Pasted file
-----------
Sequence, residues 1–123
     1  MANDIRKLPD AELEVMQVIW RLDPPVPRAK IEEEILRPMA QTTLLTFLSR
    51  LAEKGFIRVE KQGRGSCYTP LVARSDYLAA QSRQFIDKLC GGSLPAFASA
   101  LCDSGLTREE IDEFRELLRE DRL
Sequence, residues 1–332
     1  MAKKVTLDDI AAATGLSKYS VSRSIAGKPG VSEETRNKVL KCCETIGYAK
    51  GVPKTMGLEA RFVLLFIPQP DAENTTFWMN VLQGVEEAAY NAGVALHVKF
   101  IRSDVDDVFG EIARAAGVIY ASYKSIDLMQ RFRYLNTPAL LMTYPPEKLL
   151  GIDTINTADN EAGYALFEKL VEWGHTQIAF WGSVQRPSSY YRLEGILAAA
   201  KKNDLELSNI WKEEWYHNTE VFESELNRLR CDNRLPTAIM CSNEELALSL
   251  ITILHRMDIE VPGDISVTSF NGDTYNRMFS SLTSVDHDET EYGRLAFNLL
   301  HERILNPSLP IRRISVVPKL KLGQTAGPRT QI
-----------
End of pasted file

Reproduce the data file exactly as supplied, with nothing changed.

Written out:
Sequence, residues 1–123
     1  MANDIRKLPD AELEVMQVIW RLDPPVPRAK IEEEILRPMA QTTLLTFLSR
    51  LAEKGFIRVE KQGRGSCYTP LVARSDYLAA QSRQFIDKLC GGSLPAFASA
   101  LCDSGLTREE IDEFRELLRE DRL
Sequence, residues 1–332
     1  MAKKVTLDDI AAATGLSKYS VSRSIAGKPG VSEETRNKVL KCCETIGYAK
    51  GVPKTMGLEA RFVLLFIPQP DAENTTFWMN VLQGVEEAAY NAGVALHVKF
   101  IRSDVDDVFG EIARAAGVIY ASYKSIDLMQ RFRYLNTPAL LMTYPPEKLL
   151  GIDTINTADN EAGYALFEKL VEWGHTQIAF WGSVQRPSSY YRLEGILAAA
   201  KKNDLELSNI WKEEWYHNTE VFESELNRLR CDNRLPTAIM CSNEELALSL
   251  ITILHRMDIE VPGDISVTSF NGDTYNRMFS SLTSVDHDET EYGRLAFNLL
   301  HERILNPSLP IRRISVVPKL KLGQTAGPRT QI